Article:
Famous Cults in the World

05/05/12 at 8:03 pm

A cult is a religious or social group, usually small in size but extreme in its beliefs, which are alien to the surrounding community. The cult requires lot of time, money, and devotion from its members. The word “cult” was first used in the seventeenth century to denote homage paid to a divinity. However, this sense of the word is no longer valid.

Cults attracted the attention of sociologists and theologists on account of their unusual beliefs. It was because of this account, that in 1970 an anti-cult movement emerged as a reactionary group. Beliefs and practices of cults have been usually subjected to intense criticism by religious circles. Benjamin Zablacki; a professor of sociology at Rutgers University defines a cult as, “an ideological organization, held together by charismatic relationships and demand of total commitment.” He is of the opinion that cults are highly susceptible to becoming abusive to their members.

1. Manson Family

Manson Family

Charles Manson

Born on November 12th of 1934, Charles Miles Manson was a song writer and singer. During his unemployment, he committed crimes and became notorious for creating a pop culture which he called ‘Helter Skelter, from a song performed by the Beatles. His cult, founded in 1960, was known as the Manson family. He committed joint responsibility murders in which each member of the group is considered equally responsible for any criminal act, particularly a murder, in order to confuse the law enforcing authorities. He was found guilty of conspiring for Tate/ LaBianca murders by the cult members under his instructions. He was sentenced to death, but in 1970, after the Supreme Court decision to eliminate death sentence temporarily, his punishment was commuted to life imprisonment and did not change after the revival of the death sentence in California.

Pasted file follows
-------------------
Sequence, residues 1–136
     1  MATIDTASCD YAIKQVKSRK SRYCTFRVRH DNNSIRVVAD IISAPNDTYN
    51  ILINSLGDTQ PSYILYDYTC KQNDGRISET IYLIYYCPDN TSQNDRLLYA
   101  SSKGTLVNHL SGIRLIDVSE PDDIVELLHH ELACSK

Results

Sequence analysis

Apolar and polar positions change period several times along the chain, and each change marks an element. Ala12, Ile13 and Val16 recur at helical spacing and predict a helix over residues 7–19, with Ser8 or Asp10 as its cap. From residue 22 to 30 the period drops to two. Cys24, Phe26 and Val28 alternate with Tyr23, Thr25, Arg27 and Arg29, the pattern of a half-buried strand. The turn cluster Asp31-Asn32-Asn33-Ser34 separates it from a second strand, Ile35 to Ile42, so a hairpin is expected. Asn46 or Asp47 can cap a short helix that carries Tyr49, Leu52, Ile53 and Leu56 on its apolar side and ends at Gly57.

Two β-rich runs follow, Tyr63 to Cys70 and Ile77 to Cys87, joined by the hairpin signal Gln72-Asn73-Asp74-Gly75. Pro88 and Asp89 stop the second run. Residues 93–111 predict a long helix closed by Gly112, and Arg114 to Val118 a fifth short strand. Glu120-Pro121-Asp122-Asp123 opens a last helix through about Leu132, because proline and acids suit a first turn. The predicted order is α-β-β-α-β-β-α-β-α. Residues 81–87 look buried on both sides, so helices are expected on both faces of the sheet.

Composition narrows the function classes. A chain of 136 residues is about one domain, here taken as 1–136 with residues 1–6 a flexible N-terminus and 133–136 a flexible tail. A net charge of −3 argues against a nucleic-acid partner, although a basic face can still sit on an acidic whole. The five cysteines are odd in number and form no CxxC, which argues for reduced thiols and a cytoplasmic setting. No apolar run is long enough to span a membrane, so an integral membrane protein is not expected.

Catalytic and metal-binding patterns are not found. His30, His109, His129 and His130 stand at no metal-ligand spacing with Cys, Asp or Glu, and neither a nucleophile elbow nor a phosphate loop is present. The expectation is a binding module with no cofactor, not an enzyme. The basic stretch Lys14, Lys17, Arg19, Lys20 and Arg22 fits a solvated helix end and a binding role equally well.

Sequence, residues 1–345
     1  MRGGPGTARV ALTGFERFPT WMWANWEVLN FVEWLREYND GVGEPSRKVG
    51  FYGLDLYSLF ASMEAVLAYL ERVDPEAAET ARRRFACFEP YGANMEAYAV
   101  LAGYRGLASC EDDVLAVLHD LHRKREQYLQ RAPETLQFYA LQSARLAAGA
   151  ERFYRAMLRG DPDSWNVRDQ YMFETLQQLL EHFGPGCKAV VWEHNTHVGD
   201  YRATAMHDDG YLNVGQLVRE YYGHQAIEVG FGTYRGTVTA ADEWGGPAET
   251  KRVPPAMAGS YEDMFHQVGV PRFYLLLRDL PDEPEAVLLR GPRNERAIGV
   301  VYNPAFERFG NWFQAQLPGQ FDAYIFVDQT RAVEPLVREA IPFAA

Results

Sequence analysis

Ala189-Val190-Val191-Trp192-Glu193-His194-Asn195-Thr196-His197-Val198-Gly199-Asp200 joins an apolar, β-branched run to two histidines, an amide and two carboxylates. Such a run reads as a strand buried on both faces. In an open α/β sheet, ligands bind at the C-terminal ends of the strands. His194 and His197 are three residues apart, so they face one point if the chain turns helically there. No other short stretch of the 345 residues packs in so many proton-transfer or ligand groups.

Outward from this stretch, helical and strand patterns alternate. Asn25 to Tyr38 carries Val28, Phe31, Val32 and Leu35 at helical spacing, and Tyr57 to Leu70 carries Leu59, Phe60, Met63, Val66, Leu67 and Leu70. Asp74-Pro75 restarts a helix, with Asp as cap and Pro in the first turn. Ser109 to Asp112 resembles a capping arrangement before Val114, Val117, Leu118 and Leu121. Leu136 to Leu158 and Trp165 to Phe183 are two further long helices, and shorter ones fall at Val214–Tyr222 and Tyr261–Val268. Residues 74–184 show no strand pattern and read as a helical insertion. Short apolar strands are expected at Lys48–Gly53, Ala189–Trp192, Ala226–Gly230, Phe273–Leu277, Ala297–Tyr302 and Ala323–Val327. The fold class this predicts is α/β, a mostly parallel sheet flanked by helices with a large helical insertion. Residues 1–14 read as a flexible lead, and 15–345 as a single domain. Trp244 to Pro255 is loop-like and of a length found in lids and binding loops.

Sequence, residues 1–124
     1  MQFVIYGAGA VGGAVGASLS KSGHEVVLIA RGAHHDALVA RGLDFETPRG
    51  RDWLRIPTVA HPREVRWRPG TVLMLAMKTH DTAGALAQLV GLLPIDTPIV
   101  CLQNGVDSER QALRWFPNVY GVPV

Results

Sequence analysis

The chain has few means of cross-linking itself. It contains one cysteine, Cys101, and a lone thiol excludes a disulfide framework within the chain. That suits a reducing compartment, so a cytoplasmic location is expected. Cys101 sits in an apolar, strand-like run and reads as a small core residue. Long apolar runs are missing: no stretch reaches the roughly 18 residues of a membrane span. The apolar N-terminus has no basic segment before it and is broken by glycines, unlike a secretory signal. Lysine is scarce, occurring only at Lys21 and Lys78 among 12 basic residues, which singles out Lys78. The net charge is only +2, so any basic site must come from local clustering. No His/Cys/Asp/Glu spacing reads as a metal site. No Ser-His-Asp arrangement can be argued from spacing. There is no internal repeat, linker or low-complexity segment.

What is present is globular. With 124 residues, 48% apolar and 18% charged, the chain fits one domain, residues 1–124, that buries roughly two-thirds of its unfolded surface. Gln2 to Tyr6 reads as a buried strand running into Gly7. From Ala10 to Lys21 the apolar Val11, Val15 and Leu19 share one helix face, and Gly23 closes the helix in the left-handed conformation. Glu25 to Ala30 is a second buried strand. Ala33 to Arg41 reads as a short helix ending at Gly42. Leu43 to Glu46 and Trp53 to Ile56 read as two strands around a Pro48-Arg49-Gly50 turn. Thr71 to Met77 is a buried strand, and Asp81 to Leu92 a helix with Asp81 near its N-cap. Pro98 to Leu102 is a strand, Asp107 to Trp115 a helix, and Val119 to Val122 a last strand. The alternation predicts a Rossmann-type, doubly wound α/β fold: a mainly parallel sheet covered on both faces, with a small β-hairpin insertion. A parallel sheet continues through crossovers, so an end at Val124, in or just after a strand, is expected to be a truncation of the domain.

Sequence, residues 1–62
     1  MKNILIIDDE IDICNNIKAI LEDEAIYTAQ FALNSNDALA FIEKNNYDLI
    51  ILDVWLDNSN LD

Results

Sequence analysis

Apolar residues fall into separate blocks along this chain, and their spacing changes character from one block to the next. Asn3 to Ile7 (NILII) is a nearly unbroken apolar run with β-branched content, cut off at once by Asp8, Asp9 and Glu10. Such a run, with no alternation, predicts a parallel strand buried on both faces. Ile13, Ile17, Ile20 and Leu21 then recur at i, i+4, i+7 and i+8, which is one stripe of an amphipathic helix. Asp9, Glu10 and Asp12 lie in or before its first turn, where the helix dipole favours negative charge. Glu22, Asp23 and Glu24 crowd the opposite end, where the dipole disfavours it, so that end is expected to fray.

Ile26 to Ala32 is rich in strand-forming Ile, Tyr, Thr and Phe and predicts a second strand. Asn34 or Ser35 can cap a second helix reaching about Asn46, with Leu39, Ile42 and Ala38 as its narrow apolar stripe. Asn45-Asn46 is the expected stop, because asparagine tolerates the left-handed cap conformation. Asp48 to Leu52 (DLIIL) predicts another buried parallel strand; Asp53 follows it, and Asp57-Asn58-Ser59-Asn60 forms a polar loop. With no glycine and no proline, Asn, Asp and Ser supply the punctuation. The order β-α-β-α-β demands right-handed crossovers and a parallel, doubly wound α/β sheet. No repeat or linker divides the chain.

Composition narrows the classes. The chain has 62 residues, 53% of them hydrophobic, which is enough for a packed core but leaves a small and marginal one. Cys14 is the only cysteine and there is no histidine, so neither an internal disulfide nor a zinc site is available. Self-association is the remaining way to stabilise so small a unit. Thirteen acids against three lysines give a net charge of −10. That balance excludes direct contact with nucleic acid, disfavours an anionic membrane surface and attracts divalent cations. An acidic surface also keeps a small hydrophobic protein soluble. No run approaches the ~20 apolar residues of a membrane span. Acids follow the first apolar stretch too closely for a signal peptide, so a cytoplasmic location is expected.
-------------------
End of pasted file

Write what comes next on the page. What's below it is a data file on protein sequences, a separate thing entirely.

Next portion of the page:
2. Raelism

Raelism

Raelism

The Raelian cult was founded by Rael in 1970. According to Rael, universal truths were revealed to him by a 25,000 year old extraterrestrial. The being claimed that human beings were created by their ancestor  Elohim, who came from sky. They did so by sending forty messengers including Moses, Christ, Buddha and others to utilize genetic engineering and manipulate DNA for cloning to create an ideal man. According to this UFO (Unseen Foreign Object) religion, Elohim will revisit the planet Earth, when sufficient human beings are converted to this cult and complete peace prevails here. According to Rael, the principles of the cult were revealed to him during a personal meeting with ‘Yahweh’ the extraterrestrial who came in a UFO.

3. Cargo Cults

Cargo Cults

Cargo Cults

During the World War II, people saw manufactured goods including food items, being dropped by the planes through parachutes. Cultists thought the manufactured goods were sent by their ancestral spirits for the consumption of the Melanesian people. The cultists therefore intended to counter the white influence and to get cargo for themselves. They prepared prototypes of radios, headphones, airports, runways, parachutes and even painted their bodies with the lettering USA to look like the white people. They installed artificial lights on runways and signaled like white people to seek the manufactured goods or ‘cargo’. The cult could not survive on account of its inherent weakness. One faction called John Frum Cult can still be seen prevailing on the Island of Tanna, Vanuatu.